Use code CUTERTUDOR for 10% off everything at Decorator’s Warehouse except Christmas trees and resin.

Rustic Christmas Tree

My decorating style is a combination of rustic and casual elegant design. For example, rustic feels distressed, aged or natural. Similarly, materials that exude a rustic feel include burlap, jute, weathered metal or raw wood. It may appear in farmhouse or coastal style homes. As far as the elegant side of the design, I incorporate a little sparkle into my home during the holidays. For instance, think velvet ribbon, glittered balls or stems and twinkle lights. However, I always want my home to feel relaxed and welcoming.

When decorating my home, I I love the look of neutral colors, such as beige, white and grey. In addition, I always gravitate towards cool colors like blue and green. This color combination feels very calming and approachable.

Consequently, my style has not changed from last season. I still love blue mixed with neutrals and creating a rustic elegant vibe that reflects my coastal style. Plus, bells are one of my favorite things to add into my holiday decor. Specifically, I used the large rustic jingle bells on my tree and mantle last year. You can find my previously decorated tree and Tips to Decorate a Christmas Tree, here.

I found these natural fiber deer and pair of trees in Decorator’s Warehouse.

How to Decorate a Rustic Christmas Tree

Basically, there are three things that I incorporate into decorating a tree: floral picks/stems, ornaments and ribbon. However, I used a variety of each to showcase different textures, colors and contrast.

Assuming your tree is pre-lit like mine, the first step is to fluff the branches of the tree. For example, make sure you touch every branch, pulling each towards you and spreading it out to fill in any gaps.

Start with the Spray Topper

Secondly, decorate the top of the tree with a ‘spray topper.’ A spray topper is an assortment of different artificial floral sprays and seasonal stems grouped into a bouquet on top of the tree. In addition, florals, bows, bells or seasonal elements can be added near the base of the topper. For this tree, I push frosted branches, pine and berry style sprays down the top center of the tree, as close to the pole as I can. Next, I add floral sprays in clusters. Lastly, I hang a set of three white washed bells off to one side. These bells have a round circle which I pushed through the tip of a branch before bending upward to secure.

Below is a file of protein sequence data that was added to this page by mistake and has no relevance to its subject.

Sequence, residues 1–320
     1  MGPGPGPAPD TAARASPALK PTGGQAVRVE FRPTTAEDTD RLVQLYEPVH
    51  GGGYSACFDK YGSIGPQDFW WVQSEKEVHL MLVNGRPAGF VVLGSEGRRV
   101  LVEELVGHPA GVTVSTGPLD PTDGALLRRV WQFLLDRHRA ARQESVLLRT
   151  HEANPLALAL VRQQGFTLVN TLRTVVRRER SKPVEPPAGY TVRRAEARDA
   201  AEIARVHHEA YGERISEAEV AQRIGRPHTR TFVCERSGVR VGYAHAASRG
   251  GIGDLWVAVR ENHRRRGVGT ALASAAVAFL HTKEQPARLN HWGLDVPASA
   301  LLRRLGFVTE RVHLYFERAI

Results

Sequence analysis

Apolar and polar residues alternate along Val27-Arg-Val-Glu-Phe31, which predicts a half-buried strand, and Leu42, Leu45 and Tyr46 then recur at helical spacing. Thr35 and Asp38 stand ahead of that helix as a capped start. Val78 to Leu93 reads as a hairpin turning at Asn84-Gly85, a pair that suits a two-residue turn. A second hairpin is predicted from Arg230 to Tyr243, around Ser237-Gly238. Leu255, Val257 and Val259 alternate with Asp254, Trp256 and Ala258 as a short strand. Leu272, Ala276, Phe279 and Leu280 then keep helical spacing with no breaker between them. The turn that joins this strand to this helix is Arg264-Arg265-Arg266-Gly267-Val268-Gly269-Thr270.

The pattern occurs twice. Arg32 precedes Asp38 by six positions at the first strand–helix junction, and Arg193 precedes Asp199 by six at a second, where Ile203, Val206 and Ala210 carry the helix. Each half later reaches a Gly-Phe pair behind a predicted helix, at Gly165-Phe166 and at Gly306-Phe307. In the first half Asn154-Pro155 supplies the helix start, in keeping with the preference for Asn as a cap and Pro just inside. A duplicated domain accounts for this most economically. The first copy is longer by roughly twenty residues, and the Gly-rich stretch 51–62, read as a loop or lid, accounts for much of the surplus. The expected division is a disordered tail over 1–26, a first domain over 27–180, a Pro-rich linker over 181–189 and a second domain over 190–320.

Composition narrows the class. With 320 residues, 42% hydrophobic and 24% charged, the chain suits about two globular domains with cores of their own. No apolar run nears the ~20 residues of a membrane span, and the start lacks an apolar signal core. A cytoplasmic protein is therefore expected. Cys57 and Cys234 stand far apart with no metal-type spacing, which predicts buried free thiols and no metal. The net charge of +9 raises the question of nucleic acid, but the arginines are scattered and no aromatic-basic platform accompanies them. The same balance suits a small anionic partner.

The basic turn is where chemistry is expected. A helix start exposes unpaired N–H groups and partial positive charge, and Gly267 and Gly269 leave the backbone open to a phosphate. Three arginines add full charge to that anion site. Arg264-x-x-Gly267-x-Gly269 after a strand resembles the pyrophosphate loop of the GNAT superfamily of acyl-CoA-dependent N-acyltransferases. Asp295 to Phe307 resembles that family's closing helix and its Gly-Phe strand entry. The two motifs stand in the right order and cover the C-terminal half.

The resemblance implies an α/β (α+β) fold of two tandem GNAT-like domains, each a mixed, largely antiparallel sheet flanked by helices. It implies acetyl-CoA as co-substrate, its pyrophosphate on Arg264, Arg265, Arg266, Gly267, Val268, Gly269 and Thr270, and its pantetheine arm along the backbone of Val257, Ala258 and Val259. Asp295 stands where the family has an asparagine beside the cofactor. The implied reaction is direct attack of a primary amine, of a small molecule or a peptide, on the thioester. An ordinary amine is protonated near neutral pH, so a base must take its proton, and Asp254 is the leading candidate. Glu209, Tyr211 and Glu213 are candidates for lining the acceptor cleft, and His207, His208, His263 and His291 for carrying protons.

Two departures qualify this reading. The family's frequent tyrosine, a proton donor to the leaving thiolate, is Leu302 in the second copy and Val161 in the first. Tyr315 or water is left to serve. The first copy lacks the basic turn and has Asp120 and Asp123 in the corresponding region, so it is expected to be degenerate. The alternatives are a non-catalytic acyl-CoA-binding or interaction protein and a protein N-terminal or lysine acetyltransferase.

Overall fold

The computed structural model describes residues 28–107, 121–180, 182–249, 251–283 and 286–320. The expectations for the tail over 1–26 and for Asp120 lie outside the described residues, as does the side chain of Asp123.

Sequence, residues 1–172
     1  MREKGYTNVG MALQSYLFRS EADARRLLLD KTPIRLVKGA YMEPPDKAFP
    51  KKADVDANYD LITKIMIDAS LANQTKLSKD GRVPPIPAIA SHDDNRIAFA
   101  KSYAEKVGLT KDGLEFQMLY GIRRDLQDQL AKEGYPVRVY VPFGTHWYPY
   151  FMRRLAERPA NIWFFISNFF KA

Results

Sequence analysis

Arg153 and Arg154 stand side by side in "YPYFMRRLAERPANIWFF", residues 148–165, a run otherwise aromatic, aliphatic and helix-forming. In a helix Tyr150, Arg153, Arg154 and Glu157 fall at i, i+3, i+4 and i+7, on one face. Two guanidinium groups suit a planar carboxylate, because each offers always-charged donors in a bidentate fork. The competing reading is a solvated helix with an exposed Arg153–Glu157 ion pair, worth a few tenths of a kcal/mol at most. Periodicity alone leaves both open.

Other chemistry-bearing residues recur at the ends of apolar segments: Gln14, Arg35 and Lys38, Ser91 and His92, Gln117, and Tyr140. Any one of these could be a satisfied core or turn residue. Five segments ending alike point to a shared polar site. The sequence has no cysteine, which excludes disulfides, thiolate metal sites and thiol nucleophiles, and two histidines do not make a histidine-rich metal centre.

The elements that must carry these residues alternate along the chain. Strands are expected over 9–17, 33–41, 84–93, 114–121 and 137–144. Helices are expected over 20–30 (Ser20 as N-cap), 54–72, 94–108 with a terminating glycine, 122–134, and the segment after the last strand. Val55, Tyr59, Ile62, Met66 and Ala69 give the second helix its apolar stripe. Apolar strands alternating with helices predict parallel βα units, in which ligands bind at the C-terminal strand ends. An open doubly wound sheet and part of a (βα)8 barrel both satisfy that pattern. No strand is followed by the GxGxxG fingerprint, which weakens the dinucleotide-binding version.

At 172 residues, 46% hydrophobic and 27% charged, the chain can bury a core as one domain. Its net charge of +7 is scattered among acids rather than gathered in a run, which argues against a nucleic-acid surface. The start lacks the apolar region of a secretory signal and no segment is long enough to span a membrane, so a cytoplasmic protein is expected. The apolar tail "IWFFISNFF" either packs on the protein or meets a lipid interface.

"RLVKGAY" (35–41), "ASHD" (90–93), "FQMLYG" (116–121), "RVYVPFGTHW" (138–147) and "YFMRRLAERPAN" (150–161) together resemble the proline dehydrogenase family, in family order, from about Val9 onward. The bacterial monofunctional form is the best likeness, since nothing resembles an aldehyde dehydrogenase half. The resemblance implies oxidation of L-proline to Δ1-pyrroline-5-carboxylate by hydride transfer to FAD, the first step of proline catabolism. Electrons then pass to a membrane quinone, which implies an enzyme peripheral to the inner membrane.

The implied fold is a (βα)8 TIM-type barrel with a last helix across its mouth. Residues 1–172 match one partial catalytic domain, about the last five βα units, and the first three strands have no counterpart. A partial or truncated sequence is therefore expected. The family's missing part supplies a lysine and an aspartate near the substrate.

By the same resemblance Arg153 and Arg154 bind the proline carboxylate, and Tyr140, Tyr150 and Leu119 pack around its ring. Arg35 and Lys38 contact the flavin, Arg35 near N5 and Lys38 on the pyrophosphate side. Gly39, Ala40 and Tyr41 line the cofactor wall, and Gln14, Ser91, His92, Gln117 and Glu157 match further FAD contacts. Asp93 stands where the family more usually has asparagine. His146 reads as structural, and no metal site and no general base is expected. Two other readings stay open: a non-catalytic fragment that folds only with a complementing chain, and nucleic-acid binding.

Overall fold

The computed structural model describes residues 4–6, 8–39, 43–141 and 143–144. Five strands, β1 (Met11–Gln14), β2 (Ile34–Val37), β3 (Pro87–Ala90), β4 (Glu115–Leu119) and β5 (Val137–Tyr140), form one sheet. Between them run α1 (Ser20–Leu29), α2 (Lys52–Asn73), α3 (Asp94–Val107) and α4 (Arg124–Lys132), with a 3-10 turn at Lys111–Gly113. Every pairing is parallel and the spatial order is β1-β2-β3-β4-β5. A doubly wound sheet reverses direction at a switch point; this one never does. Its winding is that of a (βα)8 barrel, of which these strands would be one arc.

For 9+ foot trees, I remove the top section, place it in a bucket, decorate it using tie-wraps to secure before returning it to the tree. Since, this tree isn’t too tall, I just used my step ladder.

Bells are one of my favorite things to decorate with during the holidays. I have collected many different styles and sizes of bells over the years. However, this set of white washed bells is a recent find from Decorator’s Warehouse. I knew when I saw them that I had to have them. They are so versatile to decorate with. For instance, I hung these on the top and side of the tree. Then, tied a pair on the garland hung on the fireplace mantle. However, they would look great hung on the stairwell or front door or sitting on the coffee or dining table for a unique centerpiece.

Weave Ribbon into the Tree

I prefer to use three different kinds of ribbon with at least one having a bold pattern or texture. For instance, I chose two shades of blue velvet ribbon in two different widths, but added the birch bark ribbon for contrast. Plus, it added another natural element to this rustic Christmas tree.

Wired ribbon is the easiest to work with. It allows you to ‘pop’ the loops out to create more depth. Plus, it can be rolled up and used year after year. Another key factor to working with ribbon is to cut it into controllable increments. For instance, most of the ribbon on my tree is cut between 2-4 feet long. I highly recommend viewing Decorator’s Warehouse tutorials on YouTube for excellent step by step directions to add ribbon to the tree.

Basically, ribbon is added with a series of loops and tails. To create ‘tails’, cut the end at an angle. However, I prefer a ‘dovetail’ by folding the ends in half and cutting a diagonal from the center to the outer edge. To create loops, leave a tail, twist ribbon to create an 8 inch loop to ensure the top of the ribbon always shows. Then, repeat to create either another loop or tail. Simply twist ribbon between the tree branches to secure.